Avarice is a mother-sin, of whose numerous brood Gaming is the most haggard and wretched; for however abundant be its prey, it never thrives. It devours innumerable fatlings, and yet remains ever lean

* The invention of Cards is said to have been for the purpose of diverting the mind of a certain melancholic king of France.

itself. There is a curse upon its basket and store; I curse that blights its gains, and turns its enjoyments to wormwood and gall. Neither is this to be wondered at, when we consider the objects of gaming : the print. ciples of the art ; and the certain and necessary consequences of the practice or habit.

The main object of the gamester, is to acquire wealth by plunder ; utterly regardless of the age, or sex, or circumstances, of any who fall into his toils. For it makes no difference whether the victim be a stranger or a familiar acquaintance, a man of age and experience or a stripling, an alien from his blood or his own mother's son.

Gamesters by profession, are a migratory tribe, as strongly marked with peculiarities, as the Gypsies. They have a jargon that is all their own ; a jargon, which, interlarded with oaths and blasphemies, is in common use at their board. Also, they have a kind of police belonging exclusively to themselves. Other men form themselves into distinct bodies,,for valuable and noble purposes ; some for the improvement of the individual members; some for the furtherance of the arts and sciences; and some for the promotion of the holy cause of Religion and Morality, and particularly of Charity : and all these havé by-laws and regulations corresponding to the worthiness of the ends in view. So, also, Gamesters have a code of laws--the laws of the table-perfectly corresponding, in the main, to the base ends they drive at.

But it may be said, and indeed it has been said, that the laws of the gaming room prohibit foul play, under the penalty of expulsion ; that a considerable portion of gamesters are men of rank, and of a delicate sense of honour-men who would sooner lose their hearts blood than trespass upon the rules of the game. Be it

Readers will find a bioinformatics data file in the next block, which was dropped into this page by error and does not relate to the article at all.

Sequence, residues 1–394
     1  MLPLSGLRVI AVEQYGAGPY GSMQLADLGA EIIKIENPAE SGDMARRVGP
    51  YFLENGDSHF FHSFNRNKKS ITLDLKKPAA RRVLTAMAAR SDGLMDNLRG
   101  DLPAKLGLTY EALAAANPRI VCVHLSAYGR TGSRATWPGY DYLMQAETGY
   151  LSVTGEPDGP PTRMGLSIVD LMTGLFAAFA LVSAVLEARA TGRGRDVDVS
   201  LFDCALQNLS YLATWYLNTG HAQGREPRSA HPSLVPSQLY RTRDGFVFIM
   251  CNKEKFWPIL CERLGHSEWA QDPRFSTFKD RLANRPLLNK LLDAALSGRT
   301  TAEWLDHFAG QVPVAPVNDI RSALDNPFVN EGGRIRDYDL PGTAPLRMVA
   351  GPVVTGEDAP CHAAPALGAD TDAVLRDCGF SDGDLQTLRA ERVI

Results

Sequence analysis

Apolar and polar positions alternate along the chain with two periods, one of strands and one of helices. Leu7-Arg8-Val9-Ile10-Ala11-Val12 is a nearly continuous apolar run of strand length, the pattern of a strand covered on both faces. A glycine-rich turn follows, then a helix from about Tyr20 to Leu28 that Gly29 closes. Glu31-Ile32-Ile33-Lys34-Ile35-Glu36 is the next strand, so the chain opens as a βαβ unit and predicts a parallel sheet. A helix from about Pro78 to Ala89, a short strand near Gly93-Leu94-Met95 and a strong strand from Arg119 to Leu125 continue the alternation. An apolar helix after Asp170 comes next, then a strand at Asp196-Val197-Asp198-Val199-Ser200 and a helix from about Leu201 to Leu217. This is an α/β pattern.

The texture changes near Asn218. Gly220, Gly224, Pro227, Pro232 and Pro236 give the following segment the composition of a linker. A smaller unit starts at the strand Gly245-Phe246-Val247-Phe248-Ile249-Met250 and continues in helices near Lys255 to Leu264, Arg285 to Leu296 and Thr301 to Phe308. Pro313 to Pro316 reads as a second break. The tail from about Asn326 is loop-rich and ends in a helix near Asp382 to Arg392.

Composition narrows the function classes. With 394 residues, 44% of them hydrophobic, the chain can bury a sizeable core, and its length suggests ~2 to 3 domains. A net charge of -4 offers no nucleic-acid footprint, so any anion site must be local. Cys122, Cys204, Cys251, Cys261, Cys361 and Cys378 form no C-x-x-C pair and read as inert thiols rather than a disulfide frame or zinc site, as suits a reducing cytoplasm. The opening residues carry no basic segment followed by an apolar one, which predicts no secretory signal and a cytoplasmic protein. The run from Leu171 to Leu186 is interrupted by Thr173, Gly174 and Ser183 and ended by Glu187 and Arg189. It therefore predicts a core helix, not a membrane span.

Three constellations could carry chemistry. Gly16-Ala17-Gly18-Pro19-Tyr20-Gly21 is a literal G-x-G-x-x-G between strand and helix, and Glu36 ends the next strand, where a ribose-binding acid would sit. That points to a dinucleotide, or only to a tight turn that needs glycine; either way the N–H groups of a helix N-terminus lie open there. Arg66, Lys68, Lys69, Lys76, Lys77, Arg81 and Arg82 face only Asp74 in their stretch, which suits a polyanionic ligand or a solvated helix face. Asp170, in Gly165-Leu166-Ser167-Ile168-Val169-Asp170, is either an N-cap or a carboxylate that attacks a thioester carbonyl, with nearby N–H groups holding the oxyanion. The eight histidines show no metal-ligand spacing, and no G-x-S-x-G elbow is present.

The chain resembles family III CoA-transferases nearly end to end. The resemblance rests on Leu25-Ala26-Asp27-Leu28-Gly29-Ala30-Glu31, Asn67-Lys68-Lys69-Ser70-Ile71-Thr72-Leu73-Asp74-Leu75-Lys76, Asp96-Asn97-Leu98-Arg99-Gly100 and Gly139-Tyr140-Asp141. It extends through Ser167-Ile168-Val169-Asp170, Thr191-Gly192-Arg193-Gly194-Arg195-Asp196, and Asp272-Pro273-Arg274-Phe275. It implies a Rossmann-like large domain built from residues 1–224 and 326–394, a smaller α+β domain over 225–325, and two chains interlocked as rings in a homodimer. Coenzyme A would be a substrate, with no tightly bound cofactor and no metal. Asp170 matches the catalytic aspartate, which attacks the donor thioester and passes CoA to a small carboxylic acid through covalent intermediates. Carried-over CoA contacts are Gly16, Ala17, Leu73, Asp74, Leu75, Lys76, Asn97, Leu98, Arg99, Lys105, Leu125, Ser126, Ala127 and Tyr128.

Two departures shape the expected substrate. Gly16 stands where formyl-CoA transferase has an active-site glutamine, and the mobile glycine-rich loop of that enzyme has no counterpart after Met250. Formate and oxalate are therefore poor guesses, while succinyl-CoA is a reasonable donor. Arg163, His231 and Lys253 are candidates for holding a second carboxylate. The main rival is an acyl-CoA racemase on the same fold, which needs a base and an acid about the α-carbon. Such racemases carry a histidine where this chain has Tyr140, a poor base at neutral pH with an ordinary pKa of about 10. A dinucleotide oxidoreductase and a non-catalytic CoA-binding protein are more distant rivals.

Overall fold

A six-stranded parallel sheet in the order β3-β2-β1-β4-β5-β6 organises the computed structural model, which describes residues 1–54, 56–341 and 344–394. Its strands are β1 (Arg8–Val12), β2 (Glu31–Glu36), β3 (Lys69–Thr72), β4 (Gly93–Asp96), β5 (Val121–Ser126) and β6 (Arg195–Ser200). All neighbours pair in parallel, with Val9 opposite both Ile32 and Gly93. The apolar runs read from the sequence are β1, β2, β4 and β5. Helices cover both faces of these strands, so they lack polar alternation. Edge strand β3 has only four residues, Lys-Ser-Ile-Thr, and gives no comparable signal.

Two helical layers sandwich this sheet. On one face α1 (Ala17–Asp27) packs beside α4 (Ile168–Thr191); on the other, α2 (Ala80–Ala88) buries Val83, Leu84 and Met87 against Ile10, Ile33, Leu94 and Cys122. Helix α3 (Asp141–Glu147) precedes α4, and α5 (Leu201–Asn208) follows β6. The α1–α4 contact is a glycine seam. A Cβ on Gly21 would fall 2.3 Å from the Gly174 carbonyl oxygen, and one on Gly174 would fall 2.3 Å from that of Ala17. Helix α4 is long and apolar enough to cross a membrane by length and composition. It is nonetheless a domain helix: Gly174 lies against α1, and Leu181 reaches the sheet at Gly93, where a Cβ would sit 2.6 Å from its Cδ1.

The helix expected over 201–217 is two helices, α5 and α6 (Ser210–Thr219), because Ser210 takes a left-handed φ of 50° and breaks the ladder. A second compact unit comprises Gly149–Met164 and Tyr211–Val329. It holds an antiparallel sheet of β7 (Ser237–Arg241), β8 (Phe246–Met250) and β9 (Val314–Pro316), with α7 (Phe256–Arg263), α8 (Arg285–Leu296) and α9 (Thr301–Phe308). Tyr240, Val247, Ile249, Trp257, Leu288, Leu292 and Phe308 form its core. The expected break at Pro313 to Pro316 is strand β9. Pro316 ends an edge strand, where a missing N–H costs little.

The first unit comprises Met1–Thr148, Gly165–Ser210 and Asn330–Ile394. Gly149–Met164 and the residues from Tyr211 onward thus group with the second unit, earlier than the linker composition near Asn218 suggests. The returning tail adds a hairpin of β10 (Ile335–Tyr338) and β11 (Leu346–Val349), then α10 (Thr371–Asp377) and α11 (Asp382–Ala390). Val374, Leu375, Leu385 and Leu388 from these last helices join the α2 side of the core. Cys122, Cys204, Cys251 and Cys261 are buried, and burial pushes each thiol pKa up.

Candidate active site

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The question then arises, What is foul play? Its meaning, I believe, is pretty much confined to direct fraud, or downright cheating in the management of the cards. This touches the honour, and the moral sense, forsooth, of gamesters; so that the delinquent, if his fraud be manifest, falls under the general reprobation, and is no longer considered as fit for the company of gentlemen. On the other hand, what is fair play? Assuredly, it has a marvellous latitude of meaning. For according to the casuistry of even the most upright and honorable gamesters, “ Every advantage may be legitimately taken of the young, the unwary, and the inebriated, which superior coolness, skill, address, and activity can supply.” Yes, the gamester may inveigle the unwary youth to the table, and artfully lead him on, step by step, till he has stripped him of his whole patrimony; or he may secretly help to intoxicate a fellowplayer, and, taking advantage of his inebriation, instantly plunge him into a condition of wretchedness and ruin--he may do all this, and much more, and yet be considered as a fair gamester, a gentleman of honour!